That said, examining the genome of the virus as a whole can allow some general classifications. Collections of sequence differences are often commonly found in viruses specific to a given host, hence the general classification of things like swine flu and bird flu. But again, these are only rough guidelines—swine flu may be typically found in pigs, but it hops into humans on a regular enough basis to be a common health concern. In fact, the ability of a flu virus to lurk in other species for a while before returning to plague humans is one of the reasons we often refer to those species as reservoirs (presumably, pigs would view us as a reservoir for their flu pandemics if they had the mental wherewithal). Essentially, the flu virus treats most tetrapods as a giant ecosystem with a variety of niches that it can adapt to.

The series of reservoirs that the virus can move between creates two possibilities for new viral properties to evolve. The first is that a single mutation may have very different effects in different species. A change that slows the virus down, allowing it to evade immune detection in, say, pigs, could allow it to progress rapidly in human populations.

The other issue is that a single cell can wind up harboring copies of viruses with diverse origins, which can then undergo rearrangements. It’s not clear how these happen, as RNA doesn’t typically undergo the sorts of recombination reactions that mix up the genes that reside on chromosomes, but experimental evidence indicates that some sort of rearrangement is possible: put two viruses, each with a different gene inactivated, into a cell, and a single, healthy virus can emerge.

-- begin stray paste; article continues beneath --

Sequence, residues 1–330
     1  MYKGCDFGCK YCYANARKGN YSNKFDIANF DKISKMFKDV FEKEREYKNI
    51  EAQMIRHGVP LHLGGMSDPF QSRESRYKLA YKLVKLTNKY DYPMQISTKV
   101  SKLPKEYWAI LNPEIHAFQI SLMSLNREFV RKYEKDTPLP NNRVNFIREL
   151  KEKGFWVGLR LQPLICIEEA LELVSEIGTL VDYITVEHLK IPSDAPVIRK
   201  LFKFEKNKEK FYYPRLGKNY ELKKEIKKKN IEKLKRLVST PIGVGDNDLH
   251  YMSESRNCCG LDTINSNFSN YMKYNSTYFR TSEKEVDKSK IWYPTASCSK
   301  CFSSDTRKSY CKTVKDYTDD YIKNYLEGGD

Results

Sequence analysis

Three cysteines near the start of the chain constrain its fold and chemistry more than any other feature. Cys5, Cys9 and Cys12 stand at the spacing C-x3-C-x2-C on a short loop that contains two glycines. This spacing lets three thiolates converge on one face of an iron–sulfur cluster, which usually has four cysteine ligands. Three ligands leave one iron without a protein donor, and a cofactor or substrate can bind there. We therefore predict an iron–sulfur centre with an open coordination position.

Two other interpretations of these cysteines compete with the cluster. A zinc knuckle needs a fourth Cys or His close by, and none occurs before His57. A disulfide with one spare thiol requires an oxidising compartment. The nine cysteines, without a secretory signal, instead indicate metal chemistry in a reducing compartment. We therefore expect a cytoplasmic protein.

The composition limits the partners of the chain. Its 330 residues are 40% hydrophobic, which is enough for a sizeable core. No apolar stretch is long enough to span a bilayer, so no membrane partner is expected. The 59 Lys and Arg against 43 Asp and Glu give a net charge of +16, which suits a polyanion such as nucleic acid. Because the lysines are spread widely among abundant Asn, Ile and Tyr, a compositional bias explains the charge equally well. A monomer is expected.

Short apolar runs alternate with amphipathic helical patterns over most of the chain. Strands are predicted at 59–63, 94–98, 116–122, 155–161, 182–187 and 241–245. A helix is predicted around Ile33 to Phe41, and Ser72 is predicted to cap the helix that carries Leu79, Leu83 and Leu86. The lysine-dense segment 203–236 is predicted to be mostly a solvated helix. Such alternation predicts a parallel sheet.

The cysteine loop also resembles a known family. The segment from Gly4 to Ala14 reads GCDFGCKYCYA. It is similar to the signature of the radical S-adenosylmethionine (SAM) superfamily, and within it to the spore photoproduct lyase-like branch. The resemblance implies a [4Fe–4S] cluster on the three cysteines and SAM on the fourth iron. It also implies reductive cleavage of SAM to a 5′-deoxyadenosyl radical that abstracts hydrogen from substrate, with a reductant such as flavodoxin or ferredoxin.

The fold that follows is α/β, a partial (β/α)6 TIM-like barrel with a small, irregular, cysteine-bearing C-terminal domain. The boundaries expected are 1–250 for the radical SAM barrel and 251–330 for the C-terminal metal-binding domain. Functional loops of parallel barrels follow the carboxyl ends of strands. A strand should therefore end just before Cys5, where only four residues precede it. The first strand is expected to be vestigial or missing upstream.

This sort of mixing of genetic material between viruses doesn’t appear to be common, but there is evidence that rearrangements that mix pieces of different viruses have happened multiple times in recent history, and some of these have been responsible for near pandemics. That’s not to say that any rearranged virus is bad—a lot of them probably generate a harmless virus, so we never see them—but it does seem that the process is more likely to create something new, at least from our immune system’s perspective.

All of which brings us back to the current virus. The CDC’s Anne Schuchat (an MD and Rear Admiral), who directs the National Center for Immunization and Respiratory Diseases, describes the virus as follows: “We know so far that the viruses contain genetic pieces from four different virus sources. This is unusual. The first is our North American swine influenza viruses. North American avian influenza viruses, human influenza viruses and swine influenza viruses found in Asia and Europe.” If it’s being called swine flu, that’s apparently because two out of four parts of it are from there, but it clearly has a complicated evolutionary history.